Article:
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Publisher's Summary

Meeting by chance at a gambling hall in Europe, the separate lives of Daniel Deronda and Gwendolen Harleth are immediately intertwined. Daniel, an Englishman of uncertain parentage, becomes Gwendolyn's redeemer as she finds herself drawn to his spiritual and altruistic nature after a loveless marriage. But Daniel's path was already set when he rescued a young Jewess from suicide.
Daniel Deronda, George Eliot's final novel, is a remarkable work, encompassing themes of religion, imperialism and gender within its broad and fascinating scope.
Public Domain (P)2015 Naxos AudioBooks
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Customer Reviews

Most Helpful
5 out of 5 stars
By Tucker LaPrade on 01-30-16

Give it a try!

After listening to Juliet Stevenson read Middlemarch, I was longing for something more from both Eliot and Stevenson. Happily, I found this novel. The story itself is not quite as tidy as Middlemarch, but that might make me like it all the more.

I hope miss Stevenson will find it in her heart to read "Mill on the Floss" next. For myself and countless others, she has provided a new window into the classics.

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14 of 15 people found this review helpful

5 out of 5 stars
By Twotenths on 11-17-15

Juliet Stevenson is amazing

What did you love best about Daniel Deronda?

I love Middlemarch and this story has same wit and many of the same themes. Plus Juliet Stevenson is an amazing reader; I have listened to many books just because she reads them. I feel grateful that she does this work!

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10 of 11 people found this review helpful

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Customer Reviews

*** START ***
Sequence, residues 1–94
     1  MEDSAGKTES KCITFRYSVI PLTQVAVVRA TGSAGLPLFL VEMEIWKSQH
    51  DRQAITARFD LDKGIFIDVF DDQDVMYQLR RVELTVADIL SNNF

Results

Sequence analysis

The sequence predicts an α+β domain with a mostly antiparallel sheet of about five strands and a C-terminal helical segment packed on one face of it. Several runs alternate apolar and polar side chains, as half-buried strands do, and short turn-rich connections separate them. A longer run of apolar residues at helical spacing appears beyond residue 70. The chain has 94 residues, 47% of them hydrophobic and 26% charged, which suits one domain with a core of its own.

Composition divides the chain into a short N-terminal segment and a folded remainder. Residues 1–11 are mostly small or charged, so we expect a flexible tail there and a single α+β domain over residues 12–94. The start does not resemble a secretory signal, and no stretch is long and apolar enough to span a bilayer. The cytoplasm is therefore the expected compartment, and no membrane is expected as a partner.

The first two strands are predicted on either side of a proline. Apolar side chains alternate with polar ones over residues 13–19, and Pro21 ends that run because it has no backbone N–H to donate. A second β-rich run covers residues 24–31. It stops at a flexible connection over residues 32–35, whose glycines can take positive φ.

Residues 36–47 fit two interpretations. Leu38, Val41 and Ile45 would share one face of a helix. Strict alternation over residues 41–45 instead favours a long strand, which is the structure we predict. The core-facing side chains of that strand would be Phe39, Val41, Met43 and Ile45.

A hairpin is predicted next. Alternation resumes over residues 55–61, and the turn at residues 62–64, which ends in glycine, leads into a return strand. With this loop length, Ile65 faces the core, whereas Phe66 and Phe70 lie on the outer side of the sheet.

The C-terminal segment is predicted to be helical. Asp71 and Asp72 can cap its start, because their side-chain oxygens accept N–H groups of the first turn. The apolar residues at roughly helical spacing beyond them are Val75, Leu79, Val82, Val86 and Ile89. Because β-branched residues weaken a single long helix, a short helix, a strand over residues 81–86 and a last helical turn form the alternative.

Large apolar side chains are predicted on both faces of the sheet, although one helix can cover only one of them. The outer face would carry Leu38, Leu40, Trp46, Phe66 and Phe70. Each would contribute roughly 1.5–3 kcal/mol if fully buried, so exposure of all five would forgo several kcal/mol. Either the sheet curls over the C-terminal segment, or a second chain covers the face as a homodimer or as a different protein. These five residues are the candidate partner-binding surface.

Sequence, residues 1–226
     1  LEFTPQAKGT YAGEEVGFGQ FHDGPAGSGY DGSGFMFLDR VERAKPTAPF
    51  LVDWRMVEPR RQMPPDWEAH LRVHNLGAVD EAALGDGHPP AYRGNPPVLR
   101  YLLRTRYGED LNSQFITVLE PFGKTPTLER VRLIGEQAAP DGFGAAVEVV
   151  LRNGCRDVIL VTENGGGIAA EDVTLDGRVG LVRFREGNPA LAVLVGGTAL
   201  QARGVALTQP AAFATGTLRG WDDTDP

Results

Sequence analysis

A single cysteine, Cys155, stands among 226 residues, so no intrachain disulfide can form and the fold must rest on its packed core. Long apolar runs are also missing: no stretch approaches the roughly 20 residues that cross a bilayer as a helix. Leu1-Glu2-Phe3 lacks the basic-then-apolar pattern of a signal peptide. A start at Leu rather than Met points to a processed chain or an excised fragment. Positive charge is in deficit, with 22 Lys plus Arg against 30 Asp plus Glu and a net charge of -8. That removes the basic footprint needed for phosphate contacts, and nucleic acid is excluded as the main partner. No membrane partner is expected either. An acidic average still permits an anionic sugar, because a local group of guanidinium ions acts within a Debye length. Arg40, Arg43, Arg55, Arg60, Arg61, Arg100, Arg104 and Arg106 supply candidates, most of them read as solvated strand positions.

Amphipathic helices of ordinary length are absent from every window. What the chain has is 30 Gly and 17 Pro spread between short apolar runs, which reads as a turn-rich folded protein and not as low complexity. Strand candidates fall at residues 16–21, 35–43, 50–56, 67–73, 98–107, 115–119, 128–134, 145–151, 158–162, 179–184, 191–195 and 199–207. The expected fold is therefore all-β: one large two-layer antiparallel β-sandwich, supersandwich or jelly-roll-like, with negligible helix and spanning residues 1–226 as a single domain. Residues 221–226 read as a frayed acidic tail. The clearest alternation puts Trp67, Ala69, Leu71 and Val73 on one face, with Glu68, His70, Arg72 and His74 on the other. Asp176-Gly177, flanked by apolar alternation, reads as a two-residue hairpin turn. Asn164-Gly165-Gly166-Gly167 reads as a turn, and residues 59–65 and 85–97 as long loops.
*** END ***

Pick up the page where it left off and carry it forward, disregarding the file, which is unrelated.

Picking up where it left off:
Most Helpful
5 out of 5 stars
By D. Cottam on 10-21-15

The perfect long audiobook

This classic novel takes a long time to unfold and requires great reading stamina but Juliet Stevenson creates an immersive experience with her perfectly nuanced reading and nearly 40 hours of imaginative delight have been delivered. It is impossible to praise the reading highly enough. The romantic entanglements and class consciousness are wittily observed. Nothing goes unnoticed by Eliot's sharp satirical eye. The haughty provincial dowagers and snobs are skewered hilariously. George Eliot explores areas of esoteric Hebrew scholarship which are exotic and strange to the modern reader but the subtlety and depth of her characters and her penetrating insights into human behaviour make it an extraordinary book. The prose and poetry of the writing is perfectly cadenced and arresting sentences keep occurring, sometimes needing to be heard twice. I don't think reading the book would have given the emotional rewards of listening to this extraordinary narration.
I was especially struck by the reunion of Deronda , in Genoa, with the mother who abandoned him as a child. She is an astonishingly vivid character who must have shocked Victorian readers. She counterbalances the Zionism of Ezra and Klessmer the musician represents the urbane non religious Jew whose status is defined more by art than race.